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Take it from the players, the old ones The development of MVHS sports culture and football rivalries

By Rana Aghababzadeh and Ankit Gupta

From a young age, MVHS alumnus Ryan Hancock ‘90 spent his time exploring what he says was a 10,000 square foot area off Bubb Road on his bike. Just a few blocks downtown, at the corner of De Anza Boulevard and Stevens Creek Boulevard, past the multitude of apricot and walnut orchards, was the R. Cali Brothers Mill that processed grains and feeds.

That 10,000 square foot of land is now an Apple parking lot. That mill is now the grounds of a plaza with a Hilton hotel and the Montebello complex. But it was more than just the factories of Cupertino that separated it from today. According to Hancock, there was a much deeper focus on athletics, so deep that sports were considered something that could allow students to succeed beyond high school, and that’s just what Hancock did.

He was always an athletic kid, little league baseball and AYSO soccer filling up his schedule. At what was then called Kennedy Junior HS, he did wrestling, basketball and track and field. At MVHS, he was a three-sport athlete, playing football in the fall, basketball in the winter and baseball in the spring.

“I always was involved in sports — [it was a] big part of my life,” Hancock said. “MVHS was pretty athletic, so it was fun to be able to participate in three sports.”

MVHS, Hancock explains, was different compared to what it is today. In terms of the athletic program, Hancock describes a competitive environment that produced a lot of successful teams.

“It was great — we were the area champions of baseball,” Hancock said. “We won it all. There wasn’t really a state championship, but we won as far as we could and we won it all. We had a successful football team, but my junior and senior year we lost in the first round of the playoffs.”

As important as baseball was to Hancock, playing football at a professional level was his childhood dream. Across Cupertino, student athletes looked up to Sean Dawkins from rival Homestead HS, who was a first round pick for the Indianapolis Colts in 1993 and went on to play for nine seasons in the NFL.

Photo courtesy of Ryan Hancock

As for Hancock, a knee injury in college turned his focus towards baseball rather than football. Coming out of high school, he was drafted by the MLB team, the Anaheim Angels, but instead decided to play football and baseball at Brigham Young University in Utah. After the injury, Hancock played a season for the MLB team, the California Angels (currently known as the Anaheim Angels).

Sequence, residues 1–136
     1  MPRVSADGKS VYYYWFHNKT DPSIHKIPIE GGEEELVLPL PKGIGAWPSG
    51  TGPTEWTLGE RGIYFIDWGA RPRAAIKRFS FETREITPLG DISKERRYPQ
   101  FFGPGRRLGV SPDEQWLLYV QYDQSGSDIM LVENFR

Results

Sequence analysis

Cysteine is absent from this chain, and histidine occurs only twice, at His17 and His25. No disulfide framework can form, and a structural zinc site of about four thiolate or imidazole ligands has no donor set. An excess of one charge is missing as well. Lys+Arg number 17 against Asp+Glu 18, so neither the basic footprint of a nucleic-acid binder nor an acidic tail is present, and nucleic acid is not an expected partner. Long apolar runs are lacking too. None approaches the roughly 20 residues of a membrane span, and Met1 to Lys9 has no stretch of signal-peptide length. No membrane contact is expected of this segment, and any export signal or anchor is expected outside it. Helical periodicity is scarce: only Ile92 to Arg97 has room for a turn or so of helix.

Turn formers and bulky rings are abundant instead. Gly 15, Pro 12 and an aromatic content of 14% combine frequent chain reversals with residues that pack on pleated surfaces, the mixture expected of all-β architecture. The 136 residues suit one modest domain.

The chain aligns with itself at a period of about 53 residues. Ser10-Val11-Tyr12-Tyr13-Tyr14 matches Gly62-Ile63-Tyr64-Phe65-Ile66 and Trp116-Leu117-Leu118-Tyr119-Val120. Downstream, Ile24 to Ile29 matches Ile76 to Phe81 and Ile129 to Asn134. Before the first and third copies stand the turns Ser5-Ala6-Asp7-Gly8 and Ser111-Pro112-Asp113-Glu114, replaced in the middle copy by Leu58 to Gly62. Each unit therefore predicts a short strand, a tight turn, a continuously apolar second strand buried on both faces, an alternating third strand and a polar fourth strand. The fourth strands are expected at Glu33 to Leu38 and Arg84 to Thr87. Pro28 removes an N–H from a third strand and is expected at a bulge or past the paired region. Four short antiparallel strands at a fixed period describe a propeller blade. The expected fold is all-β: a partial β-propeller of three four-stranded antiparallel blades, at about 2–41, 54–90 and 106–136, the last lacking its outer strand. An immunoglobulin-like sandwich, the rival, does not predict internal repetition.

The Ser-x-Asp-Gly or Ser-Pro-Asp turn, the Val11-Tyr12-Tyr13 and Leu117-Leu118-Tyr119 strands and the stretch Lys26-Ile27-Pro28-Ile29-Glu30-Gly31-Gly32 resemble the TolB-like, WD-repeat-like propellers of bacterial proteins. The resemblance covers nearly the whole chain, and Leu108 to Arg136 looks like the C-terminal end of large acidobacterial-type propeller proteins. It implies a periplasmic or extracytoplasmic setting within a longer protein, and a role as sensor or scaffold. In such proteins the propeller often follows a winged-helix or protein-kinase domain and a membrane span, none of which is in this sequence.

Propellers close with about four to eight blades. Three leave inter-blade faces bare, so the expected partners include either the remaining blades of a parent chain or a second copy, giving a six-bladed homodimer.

Photo courtesy of Ryan Hancock

Despite the intense athletic environment at MVHS, Hancock still reflects fondly upon the memories that he made during his high school days.

“We had a lot of fun and sports were a big part of the culture at MVHS,” Hancock said. “Back then, we had a good turnout. A lot of students were involved and interested [...] we were competitive in many sports.”

For Hancock, sports can be just important in life as academics. Life lessons that can be adapted in the future come from sports and Hancock believes that it is an essential part of growing up. According to him, this mindset started to shift for MVHS families at the inception of the Silicon Valley age.

Hancock explains that the culture of sports at MVHS was uncannily different than what it started to become as early as in the 1990s. It was also then that Cupertino became an affluent area, putting a particular emphasis on school work compared to other areas.

“Kids were always motivated to do well in school because they had parents pushing them to be successful,” Hancock said.

However, when his brother attended MVHS in the 1990s, he believes that the title Silicon Valley started to become prevalent, and a lot more people wanted to live there, especially in Cupertino. Still, he believes that sports weren’t considered less important. It was simply that families focused on their children getting through school and graduating.

“I think [high school sports are] important, and I hope that never changes,” Hancock said.

During his football seasons, from the years 1986-1989, Hancock recalls the rivalries that the team had, specifically against local Homestead HS. But in recent years, HHS has barely played games against MVHS because the schools are rarely in the same league. Today, MVHS’ biggest football rival is Cupertino HS, which, too, moved up a league recently.

“It got really bad in terms of physicality. The two groups would play hard against each other and we may see someone at McDonalds or Strawhut Pizza and there would be confrontations and that kind of thing." — Former MVHS Head Coach Jeff Mueller